Lawsuit filed against Kenyon police chief, trooperA lawsuit was filed in United States District Court last month against Kenyon Police Chief Lee Sjolander and Minnesota State Highway Patrol Officer Troy Siems alleging civil rights violations.
A lawsuit was filed in United States District Court last month against Kenyon Police Chief Lee Sjolander and Minnesota State Highway Patrol Officer Troy Siems alleging civil rights violations.
Richard Thissen, who owned an insurance agency in Kenyon, and his attorneys filed the complaint June 14.
In it, Thissen alleges that both Sjolander and Siems used “excessive force” while taking him into custody on two separate occasions, depriving Thissen of his civil rights outlined in the U.S. Constitution.
According to the complaint, Sjolander arrested Thissen in June 2009 for violation of a harassment restraining order that the Kenyon Police Department had obtained against him. Sjolander “slammed (Thissen) into a wall, hit him forcefully in the face with his elbow causing his nose to bleed,” the complaint says.
The violation of a restraining order charge against Thissen was eventually dismissed.
Siems then arrested Thissen in November 2009 for possible DWI. The complaint continues, saying that Siems “hit (Thissen) forcefully in the chest, tackled him to the ground and knocked out two of his teeth,” causing Thissen to lose consciousness.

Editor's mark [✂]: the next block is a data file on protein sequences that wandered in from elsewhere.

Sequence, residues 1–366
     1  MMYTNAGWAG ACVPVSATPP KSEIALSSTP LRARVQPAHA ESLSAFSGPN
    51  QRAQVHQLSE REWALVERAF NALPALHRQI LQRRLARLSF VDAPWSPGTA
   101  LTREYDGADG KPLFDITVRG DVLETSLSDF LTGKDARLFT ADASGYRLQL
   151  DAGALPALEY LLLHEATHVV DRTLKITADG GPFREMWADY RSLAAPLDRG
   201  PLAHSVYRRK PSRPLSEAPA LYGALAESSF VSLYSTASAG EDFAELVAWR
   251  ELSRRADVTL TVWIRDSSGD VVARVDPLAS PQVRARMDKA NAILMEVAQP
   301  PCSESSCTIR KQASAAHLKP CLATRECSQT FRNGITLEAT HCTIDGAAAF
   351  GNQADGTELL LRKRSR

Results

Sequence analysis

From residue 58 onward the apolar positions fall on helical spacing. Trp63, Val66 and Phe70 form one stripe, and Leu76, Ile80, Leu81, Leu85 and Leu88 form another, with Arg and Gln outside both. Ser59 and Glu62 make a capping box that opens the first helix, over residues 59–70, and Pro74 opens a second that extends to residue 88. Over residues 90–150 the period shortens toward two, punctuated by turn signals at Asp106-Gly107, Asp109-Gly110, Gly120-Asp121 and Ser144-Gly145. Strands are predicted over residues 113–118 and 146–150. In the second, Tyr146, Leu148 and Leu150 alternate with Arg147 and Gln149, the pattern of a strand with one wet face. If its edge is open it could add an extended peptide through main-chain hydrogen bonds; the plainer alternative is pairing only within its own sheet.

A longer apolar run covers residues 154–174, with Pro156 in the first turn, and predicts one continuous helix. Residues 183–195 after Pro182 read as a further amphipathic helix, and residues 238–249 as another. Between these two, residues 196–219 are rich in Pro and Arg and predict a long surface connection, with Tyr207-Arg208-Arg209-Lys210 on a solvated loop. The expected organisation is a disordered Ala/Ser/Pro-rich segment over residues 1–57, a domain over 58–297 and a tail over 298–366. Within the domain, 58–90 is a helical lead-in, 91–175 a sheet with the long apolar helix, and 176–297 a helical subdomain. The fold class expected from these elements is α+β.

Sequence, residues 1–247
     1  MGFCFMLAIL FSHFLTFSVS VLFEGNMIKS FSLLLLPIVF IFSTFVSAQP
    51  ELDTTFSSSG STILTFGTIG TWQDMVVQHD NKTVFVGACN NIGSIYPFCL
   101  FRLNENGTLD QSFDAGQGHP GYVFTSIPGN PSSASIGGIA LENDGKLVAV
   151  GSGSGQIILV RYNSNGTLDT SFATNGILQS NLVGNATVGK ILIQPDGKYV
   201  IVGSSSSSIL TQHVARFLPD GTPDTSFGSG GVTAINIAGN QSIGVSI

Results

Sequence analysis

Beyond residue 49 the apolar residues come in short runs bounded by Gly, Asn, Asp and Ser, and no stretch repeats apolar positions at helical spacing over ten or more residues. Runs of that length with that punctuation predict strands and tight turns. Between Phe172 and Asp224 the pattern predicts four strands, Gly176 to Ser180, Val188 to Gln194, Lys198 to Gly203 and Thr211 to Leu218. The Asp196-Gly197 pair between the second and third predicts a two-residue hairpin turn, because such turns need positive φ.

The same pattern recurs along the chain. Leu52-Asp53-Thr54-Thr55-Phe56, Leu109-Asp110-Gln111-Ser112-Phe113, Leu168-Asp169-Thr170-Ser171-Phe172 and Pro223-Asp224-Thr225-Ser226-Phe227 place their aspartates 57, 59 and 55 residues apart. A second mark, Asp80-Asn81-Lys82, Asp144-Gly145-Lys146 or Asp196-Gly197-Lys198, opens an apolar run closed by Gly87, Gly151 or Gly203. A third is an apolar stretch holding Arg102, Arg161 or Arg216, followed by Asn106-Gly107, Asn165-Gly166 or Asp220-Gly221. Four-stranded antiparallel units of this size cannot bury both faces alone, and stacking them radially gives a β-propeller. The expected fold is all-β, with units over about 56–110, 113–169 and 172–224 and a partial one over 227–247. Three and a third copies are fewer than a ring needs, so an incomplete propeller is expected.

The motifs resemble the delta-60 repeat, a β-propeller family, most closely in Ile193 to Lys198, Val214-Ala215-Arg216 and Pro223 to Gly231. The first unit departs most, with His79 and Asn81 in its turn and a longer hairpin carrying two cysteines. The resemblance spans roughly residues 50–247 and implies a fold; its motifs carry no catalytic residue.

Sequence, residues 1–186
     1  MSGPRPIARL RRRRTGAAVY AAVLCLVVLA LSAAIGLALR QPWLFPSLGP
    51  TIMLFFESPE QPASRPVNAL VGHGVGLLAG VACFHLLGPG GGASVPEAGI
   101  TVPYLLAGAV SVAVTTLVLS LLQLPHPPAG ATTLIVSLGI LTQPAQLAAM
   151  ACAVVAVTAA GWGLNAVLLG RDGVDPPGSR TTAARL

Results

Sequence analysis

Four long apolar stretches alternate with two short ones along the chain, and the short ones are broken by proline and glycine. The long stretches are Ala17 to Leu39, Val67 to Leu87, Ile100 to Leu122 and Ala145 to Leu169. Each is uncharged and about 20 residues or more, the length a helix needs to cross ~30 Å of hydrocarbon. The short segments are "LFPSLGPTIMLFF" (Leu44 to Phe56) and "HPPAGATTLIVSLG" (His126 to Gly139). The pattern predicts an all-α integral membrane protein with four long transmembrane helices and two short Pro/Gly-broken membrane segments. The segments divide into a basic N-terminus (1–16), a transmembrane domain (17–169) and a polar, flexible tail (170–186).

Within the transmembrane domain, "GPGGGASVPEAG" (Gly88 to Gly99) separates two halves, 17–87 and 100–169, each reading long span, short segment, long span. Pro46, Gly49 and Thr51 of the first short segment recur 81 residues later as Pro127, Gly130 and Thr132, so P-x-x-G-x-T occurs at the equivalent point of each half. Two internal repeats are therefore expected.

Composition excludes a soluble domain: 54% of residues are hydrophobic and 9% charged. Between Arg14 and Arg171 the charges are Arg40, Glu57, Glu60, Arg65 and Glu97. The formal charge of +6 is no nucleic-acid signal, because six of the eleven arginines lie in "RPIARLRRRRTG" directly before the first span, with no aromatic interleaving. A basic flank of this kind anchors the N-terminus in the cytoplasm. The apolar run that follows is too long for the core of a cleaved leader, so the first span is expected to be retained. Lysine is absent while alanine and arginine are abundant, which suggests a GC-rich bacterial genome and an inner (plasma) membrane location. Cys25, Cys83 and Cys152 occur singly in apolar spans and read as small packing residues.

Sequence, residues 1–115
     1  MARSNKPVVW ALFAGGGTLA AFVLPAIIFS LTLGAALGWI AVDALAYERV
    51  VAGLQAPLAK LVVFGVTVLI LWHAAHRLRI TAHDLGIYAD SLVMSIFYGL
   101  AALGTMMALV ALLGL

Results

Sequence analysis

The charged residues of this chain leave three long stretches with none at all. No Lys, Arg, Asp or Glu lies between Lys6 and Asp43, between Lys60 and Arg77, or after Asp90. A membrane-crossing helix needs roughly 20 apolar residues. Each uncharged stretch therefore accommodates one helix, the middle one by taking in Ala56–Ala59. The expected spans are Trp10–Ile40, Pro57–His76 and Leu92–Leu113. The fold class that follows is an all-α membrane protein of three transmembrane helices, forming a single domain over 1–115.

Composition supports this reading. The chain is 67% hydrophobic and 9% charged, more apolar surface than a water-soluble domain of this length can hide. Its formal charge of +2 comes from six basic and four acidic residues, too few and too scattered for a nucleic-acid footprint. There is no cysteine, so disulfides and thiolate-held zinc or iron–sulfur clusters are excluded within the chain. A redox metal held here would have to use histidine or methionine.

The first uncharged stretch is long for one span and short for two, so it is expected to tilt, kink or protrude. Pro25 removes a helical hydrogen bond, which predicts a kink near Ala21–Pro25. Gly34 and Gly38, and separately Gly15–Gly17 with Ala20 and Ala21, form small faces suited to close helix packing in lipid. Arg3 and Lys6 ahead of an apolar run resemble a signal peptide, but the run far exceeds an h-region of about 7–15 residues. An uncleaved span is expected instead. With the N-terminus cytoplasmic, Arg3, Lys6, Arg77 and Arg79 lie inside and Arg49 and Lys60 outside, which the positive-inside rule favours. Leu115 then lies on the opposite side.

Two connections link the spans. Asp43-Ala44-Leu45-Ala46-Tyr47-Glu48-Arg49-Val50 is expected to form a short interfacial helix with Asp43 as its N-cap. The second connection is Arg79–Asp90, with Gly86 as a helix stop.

The complaint also alleges conspiracy by Sjolander and Siems to violate Thiessen’s civil rights.
In all, the complaint outlines two counts of civil rights violations and one count of conspiracy to violate civil rights.
Thissen is asking for an amount exceeding $75,000 for “mental anguish, pain and suffering and humiliation,” attorneys’ fees and other damages.
Jon Iverson, of Iverson Reuvers, will represent Sjolander. He said his office has until July 31 to file a response to the complaint.
“We are going to be filing our aggressive response by the end of this month and are confident that the claims will be dismissed by the federal court as early as possible,” Iverson said.
Siems will be represented by the Minnesota Attorney General’s Office.